Thursday, March 24, 2011

Women and Children and the Choices we Make

"I think everyone agrees with the goal of reducing abortion by encouraging consideration of other alternatives," [North Dakota governor] Daugaard said in a written statement. "I hope that women who are considering an abortion will use this three-day period to make good choices."

The governor said state attorneys have agreed to defend the law and that he's spoken with a sponsor who has pledged to finance the state's legal costs, the Associated Press reports.   --  Politics Daily, 3/22/11
I have met thousands and thousands of pro-choice men and women. I have never met anyone who is pro-abortion. Being pro-choice is not being pro-abortion. Being pro-choice is trusting the individual to make the right decision for herself and her family, and not entrusting that decision to anyone wearing the authority of government in any regard. --Hillary Clinton

 In the summer of 1954, just before we entered our Senior year, my friend Rosie, with no forewarning or even a goodbye, went to live with her aunt.  A week or so earlier, we were leaving a drug store after having a couple of cherry Cokes and she fainted dead away, crumpling to the ground right in front of me.  It was a hot day and she convinced me that the heat had caused it, but when I called her house and her mother told me she had gone to live with her aunt in a town many miles away I put two and two together and realized with a shock that she was pregnant (or PG as we said back then). None of us who had been Rosie's friends knew the torment she was going through; nor did we ever hear from her again.  Later, we heard that she had given her baby up for adoption.  Shame was the reason she didn't tell me there on the sidewalk, and shame was the reason she never kept in touch with any of us.   

Shame was big back then.  When I was a young mother myself, living in neighborhoods where most of us barely had a pot to pee in, shame kept many of my friends from admitting they were pregnant until the evidence was beyond the point of ignoring.  Then the coffee table conversations went something like this:
 "Well, I'm PG again."
"Oh, no!"
"oh, GOD no!"
"_______'s gonna kill me."
(Crying here.  Sighing. Muttering.)
"I can't have this baby!"
"Maybe it'll be okay."
"No, it won't."

It was always the woman's fault.  Birth control was either with condoms or diaphragm or the rhythm method, and if they failed it was because the woman did something wrong.  That accusation was so ingrained, the women themselves believed it was their fault.  There were the lucky few who welcomed another pregnancy, but many, many more were devastated.  I can't say I knew any woman who went the coat hanger route, (mainly because they never would have admitted to it), but many of them tried drinking supposed miscarriage herbals or douching with chemicals or bumping into things or "falling" down stairs. 

 The feminist movement and Roe v. Wade, if they hadn't ever done anything else, can be credited with changing the prevailing perception that there were no choices for a person in a woman's body.  The fact that the works for conceiving were built into them no longer meant that women would be forced to conceive.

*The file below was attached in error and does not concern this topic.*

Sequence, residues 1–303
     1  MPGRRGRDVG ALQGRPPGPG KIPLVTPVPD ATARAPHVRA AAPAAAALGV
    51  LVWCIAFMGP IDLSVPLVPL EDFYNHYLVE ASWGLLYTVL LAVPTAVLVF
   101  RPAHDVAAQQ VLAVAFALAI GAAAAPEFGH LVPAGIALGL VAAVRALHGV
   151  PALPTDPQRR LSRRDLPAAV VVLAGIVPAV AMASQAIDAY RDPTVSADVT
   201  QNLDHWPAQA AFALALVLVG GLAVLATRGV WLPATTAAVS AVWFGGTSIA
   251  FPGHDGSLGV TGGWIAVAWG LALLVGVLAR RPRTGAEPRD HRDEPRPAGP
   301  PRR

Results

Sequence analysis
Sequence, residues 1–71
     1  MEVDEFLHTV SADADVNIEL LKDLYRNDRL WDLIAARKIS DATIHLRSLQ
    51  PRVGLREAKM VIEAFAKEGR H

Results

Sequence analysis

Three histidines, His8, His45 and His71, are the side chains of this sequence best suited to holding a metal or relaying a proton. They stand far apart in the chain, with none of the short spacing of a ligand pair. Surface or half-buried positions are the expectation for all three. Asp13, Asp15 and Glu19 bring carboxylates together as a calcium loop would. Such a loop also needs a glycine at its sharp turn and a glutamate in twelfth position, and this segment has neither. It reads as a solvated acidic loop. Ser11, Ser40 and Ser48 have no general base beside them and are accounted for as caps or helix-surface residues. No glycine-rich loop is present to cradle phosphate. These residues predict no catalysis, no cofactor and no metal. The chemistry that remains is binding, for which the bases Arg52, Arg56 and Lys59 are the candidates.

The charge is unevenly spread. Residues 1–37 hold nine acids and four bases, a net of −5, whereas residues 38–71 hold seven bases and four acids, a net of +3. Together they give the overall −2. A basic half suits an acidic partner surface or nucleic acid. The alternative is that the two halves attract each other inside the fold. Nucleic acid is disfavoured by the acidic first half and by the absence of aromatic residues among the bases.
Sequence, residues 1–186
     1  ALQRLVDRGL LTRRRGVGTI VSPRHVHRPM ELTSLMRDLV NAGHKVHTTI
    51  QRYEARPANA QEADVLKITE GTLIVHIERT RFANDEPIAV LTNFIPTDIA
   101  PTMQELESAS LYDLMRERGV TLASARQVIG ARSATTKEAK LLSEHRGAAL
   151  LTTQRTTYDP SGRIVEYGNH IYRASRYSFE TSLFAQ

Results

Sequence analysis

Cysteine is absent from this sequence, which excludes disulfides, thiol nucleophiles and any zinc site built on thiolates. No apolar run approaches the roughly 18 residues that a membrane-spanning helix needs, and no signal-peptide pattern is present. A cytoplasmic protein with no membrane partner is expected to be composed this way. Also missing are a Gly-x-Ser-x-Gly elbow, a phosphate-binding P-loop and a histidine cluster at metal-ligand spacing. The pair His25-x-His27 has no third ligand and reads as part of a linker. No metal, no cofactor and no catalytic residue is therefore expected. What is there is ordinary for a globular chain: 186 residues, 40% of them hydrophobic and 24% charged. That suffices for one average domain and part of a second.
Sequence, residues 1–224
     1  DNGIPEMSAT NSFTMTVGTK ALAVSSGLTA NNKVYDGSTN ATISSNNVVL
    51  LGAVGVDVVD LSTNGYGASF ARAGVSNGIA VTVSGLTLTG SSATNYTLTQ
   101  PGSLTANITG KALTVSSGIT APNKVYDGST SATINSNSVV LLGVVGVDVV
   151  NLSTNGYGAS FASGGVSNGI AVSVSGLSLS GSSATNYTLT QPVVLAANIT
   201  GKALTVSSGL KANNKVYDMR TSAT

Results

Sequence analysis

That is the underlying wisdom of freedom of choice and it's what the Supreme Court saw as a constitutional right.

If, since Roe v. Wade, every child born in this country was afforded the kinds of protections necessary to ensure health and happiness, safety and well-being,  the argument that a fetus must be saved at all costs might hold water.

The sorry truth is that 14 million American children live in poverty right now.

Over 17 million children live in households where there is not enough food.

1.5 million kids go to sleep without a home of their own each year.

In 2007, approximately 5.8 million children were involved in an estimated 3.2 million child abuse reports and allegations. 

A woman who makes the choice to abort a fetus can never be accused of doing it lightly.  That is a cruel falsehood perpetrated either by men who will never know the pain of having to live with either choice, or by women who consider their own life choices so superior they have no problem with forcing others of their own gender to bear children--which they then have no problem forgetting about completely and entirely.

None of them lose any sleep over their own actions, but will band together, collecting millions of dollars that could be used to save children living in misery and instead use it to convince the public and a few callous legislators that aborting a fetus is akin to murder and should be outlawed.

Children are our precious gifts and should be our foremost obligations.  There is something crushing and terrible about the fact that lawmakers across the country are systematically defunding social programs currently helping families to just get through the day, if nothing else.  Many of those same lawmakers vigorously support the supposed pro-life groups without once considering the damage they're doing to the children we need to protect.  These children, no longer fetuses, need us.  The women who make the decision to terminate a pregnancy are not pariahs.  Our moral obligations are to the lesser and to the helpless already in our keep.

Shame on anyone who works against that very basic societal tenet.  Most of us are better than that.

Boy with Frogs - Brookgreen Gardens

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